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Sandy Magaña, PhD, MSW, Department of Disability and Human Development, University of Illinois at Chicago, 1640 W. Roosevelt Rd., Chicago, Illinois, United States 60608, ude.ciu@sanagam; Telephone: (312) 355-4537
Miguel Morales, MPH, Department of Disability and Human Development, University of Illinois at Chicago, 1640 W. Roosevelt Rd., Chicago, Illinois, United States 60608, ude.ciu@92laromm; Telephone: (312) 413-1837
Ellyn McNamara, SLP, Department of Disability and Human Development, University of Illinois at Chicago, 1640 W. Roosevelt Rd., Chicago, Illinois, United States 60608, ude.ciu@3mancme; Telephone: (312) 413-1837
The Autism Diagnostic Interview-Revised has been validated as a tool to aid in the diagnosis of Autism; however, given the growing diversity in the United States, the ADI-R must be validated for different languages and cultures. This study evaluates the validity of the ADI-R in a U.S.-based Latino, Spanish-speaking population of 50 children and adolescents with ASD and developmental disability. Sensitivity and specificity of the ADI-R as a diagnostic tool were moderate, but lower than previously reported values. Validity of the social reciprocity and restrictive and repetitive behaviors domains was high, but low in the communication domain. Findings suggest that language discordance between caregiver and child may influence reporting of communication symptoms and contribute to lower sensitivity and specificity.
The use of standard diagnostic tools in assessing Autism Spectrum Disorder (ASD) is critical to the advancement of research and clinical practice for individuals with ASD. One standard instrument that is often used in combination with an observation tool, the Autism Diagnostic Interview – Revised (ADI-R; Lord et al. 1994) has been characterized as a ‘gold-standard’ parent interview in the assessment of children and adults with ASD (Risi et al. 2006). Initially developed as a research tool, the ADI-R has become more widely used in clinical settings to aid in the diagnostic evaluation of individuals with suspected ASD. The transition of the ADI-R into clinical practice, along with its extensive use across research studies, creates a strong demand for a comprehensive evaluation of its psychometric properties extending beyond the norming sample. To date, several studies have evaluated the validity of the ADI-R in identifying individuals with ASD. However, research on the use of the ADI-R and its applicability in accurately identifying individuals with ASD across non-English speaking populations is significantly lacking. The current study will evaluate the validity of the ADI-R in a U.S.-based Latino population to determine its efficacy in identifying children and adolescents with ASD who have Spanish-speaking parents.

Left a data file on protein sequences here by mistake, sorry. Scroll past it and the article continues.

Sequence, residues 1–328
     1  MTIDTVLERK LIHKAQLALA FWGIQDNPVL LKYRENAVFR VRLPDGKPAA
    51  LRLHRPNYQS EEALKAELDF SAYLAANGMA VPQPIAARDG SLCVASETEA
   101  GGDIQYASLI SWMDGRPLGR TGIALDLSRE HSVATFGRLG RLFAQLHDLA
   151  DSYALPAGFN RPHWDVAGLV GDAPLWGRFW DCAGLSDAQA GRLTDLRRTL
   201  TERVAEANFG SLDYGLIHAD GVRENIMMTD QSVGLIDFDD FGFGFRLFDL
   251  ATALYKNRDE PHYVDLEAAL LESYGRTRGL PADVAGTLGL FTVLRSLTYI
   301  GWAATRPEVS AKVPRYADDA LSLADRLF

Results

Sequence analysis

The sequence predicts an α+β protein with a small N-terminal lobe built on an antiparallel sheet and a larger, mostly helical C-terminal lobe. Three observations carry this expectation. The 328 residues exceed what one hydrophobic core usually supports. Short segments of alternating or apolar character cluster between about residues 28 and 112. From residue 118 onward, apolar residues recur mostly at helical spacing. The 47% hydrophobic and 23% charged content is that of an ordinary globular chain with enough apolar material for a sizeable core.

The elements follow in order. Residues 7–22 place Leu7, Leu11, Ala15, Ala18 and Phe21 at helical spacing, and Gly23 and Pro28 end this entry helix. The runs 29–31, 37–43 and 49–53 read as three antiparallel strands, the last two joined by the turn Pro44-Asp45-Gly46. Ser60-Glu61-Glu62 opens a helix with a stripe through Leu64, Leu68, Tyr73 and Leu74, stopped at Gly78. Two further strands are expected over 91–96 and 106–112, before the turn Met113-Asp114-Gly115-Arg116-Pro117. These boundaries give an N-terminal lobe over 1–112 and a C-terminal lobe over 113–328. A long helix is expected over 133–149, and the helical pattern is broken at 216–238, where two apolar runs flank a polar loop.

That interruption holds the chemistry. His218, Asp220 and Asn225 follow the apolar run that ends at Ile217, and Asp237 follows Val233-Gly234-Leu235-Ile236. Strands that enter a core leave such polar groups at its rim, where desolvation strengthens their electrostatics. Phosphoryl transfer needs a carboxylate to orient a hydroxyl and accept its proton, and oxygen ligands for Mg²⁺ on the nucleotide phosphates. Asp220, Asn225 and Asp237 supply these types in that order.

The ADI-R is a semi-structured investigator-based interview administered by trained examiners to parents and/or caregivers of children and adults with suspected ASD. The interview is guided by the examiner, who solicits information from parents, records their responses, and codes the information provided. The comprehensive interview contains 93 items that tap into an individual’s early developmental history and queries the individual’s behavioral repertoire along three dimensions: social interactions, communication, and restricted, repetitive, and stereotyped behaviors. Parent/caregivers are asked to give examples for each item and this information is coded by the examiner for current and past behavior. Specific behaviors are coded based on their level of severity, with codes including 0 (no abnormality), 1(possible abnormality), 2 (definite autistic type abnormality), and 3 (severe autistic type abnormality). Higher item and domain scores indicate greater impairment. Up to 42 of the items are combined to create an algorithm to diagnose autism based on criteria from the ICD-10 (World Health Organization 1992) and the Diagnostic and Statistical Manual of Mental Disorders -IV (DSM-IV; American Psychiatric Association [APA] 1994). Although the DSM-5 (APA, 2013) has now been published with updated ASD criteria (social communication and restricted, repetitive patterns of behavior), to date, most children have had diagnoses based on the DSM-IV and this criteria continues to be the underlying basis of the ADI-R.
Studies have explored the psychometric properties among individuals with and without ASD across specific age groups and across levels of intellectual ability. The original validation study on the English-language ADI-R was conducted by Lord et al. (1994), who compared children with Autistic Disorder/PDD to children with mental handicaps or language impairment. The results of this study suggested that the ADI-R had a high sensitivity (96%), and high specificity (92%). Several studies have now shown the validity and reliability of the ADI-R in toddlers and preschoolers may be lower than with older children with ASD (Chawarska et al. 2007; Cox et al. 1999). These individual findings are supported by a recent systematic review showing on average, the sensitivity of the ADI-R is much lower for children under 3 years of age (82%) than children over 3 years of age (91%; Falkmer et al. 2013). Furthermore, other studies have also found the individual’s intellectual ability may have undue influence on the ADI-R, with higher false positive rates when used to assess individuals with intellectual disability (ID; Lord et al. 1997). However, other studies have reported adequate sensitivity and specificity of the ADI-R in identifying ASD in children and adults with ID (de Bildt et al. 2005; Sappok et al. 2013).